some encouragement; so that, to mend the matter, I bought a fine flaxen long wig that cost me thirty guineas, and found an opportunity of seeing her in it the next day. She then let drop some expressions about an agate snuff-box. I immediately took the hint and bought one, being unwilling to omit anything that might make me desirable in her eyes. I was betrayed after the same manner into a brocade waistcoat, a sword-knot, a pair of silver-fringed gloves, and a diamond-ring. But whether out of fickleness or a design upon me, I cannot tell; but I found by her discourse, that what she liked one day she disliked another: so that in six months' space I was forced to equip myself above a dozen times. As I told you before, I took her hints at a distance, for I could never find an opportunity of talking with her directly to the point. All this time, however, I was allowed the utmost familiarities with her lap-dog, and have played with it above an hour together, without receiving the least reprimand, and had many other marks of favour shown me, which I thought amounted to a promise. If she chanced to drop her fan, she received it from my hands with great civility. If she wanted anything, I reached it for her. I have filled her teapot above a hundred times, and have afterwards received a dish of it from her own hands. Now, sir, do you judge if after such encouragements she was not obliged to marry me. I forgot to tell you that I kept a chair by the week, on purpose to carry me thither and back again. Not to trouble you with a long letter, in the space of about a twelvemonth I have run out of my whole thousand pound upon her, having laid out the last fifty in a new suit of clothes, in which I was resolved to receive her final answer; which amounted to this, That she was engaged to another; that she never dreamt I had any such thing in my head as marriage; and that she thought I had frequented her house only because I loved to be in company with my relations. This, you know, sir, is using a man like a fool, and so I told her: but the worst of it is, that I have spent my fortune to no purpose. All therefore that I desire of you is, to tell me, whether, upon exhibiting the several particulars which I have here related to you, I may not sue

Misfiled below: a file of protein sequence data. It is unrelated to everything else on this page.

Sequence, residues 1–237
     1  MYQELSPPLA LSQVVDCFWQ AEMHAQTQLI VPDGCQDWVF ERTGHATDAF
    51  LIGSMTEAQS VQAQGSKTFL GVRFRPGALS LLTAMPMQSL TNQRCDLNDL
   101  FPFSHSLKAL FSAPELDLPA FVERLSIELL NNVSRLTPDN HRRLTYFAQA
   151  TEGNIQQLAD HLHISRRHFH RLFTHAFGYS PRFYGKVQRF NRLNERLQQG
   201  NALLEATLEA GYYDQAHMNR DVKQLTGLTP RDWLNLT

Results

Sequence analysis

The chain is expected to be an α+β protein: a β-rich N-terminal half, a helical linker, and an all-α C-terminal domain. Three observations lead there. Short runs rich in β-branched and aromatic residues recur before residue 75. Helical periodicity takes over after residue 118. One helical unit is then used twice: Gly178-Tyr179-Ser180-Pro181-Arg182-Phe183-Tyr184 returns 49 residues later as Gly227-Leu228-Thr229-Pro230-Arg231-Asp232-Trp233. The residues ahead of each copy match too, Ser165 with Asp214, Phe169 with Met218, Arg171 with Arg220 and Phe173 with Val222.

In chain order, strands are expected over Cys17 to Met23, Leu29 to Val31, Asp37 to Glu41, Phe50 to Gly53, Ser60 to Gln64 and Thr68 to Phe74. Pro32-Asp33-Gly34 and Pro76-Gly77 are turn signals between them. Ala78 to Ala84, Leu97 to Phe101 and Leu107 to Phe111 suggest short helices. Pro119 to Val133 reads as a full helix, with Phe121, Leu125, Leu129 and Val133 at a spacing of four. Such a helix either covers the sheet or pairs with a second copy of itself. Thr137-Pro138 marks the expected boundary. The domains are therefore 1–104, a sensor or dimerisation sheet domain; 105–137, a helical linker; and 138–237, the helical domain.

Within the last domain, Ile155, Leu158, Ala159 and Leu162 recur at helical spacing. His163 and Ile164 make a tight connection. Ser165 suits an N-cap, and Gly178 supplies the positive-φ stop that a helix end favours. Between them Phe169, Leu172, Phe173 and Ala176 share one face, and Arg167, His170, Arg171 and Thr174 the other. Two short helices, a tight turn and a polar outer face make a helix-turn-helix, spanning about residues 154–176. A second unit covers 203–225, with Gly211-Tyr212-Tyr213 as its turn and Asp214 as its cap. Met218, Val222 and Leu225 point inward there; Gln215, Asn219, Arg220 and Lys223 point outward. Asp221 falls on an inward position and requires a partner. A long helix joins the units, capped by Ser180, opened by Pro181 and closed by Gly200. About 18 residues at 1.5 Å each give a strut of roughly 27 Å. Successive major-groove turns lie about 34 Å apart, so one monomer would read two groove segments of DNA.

her for damages in a court of justice. Your advice in this particular will very much oblige
Your most humble admirer,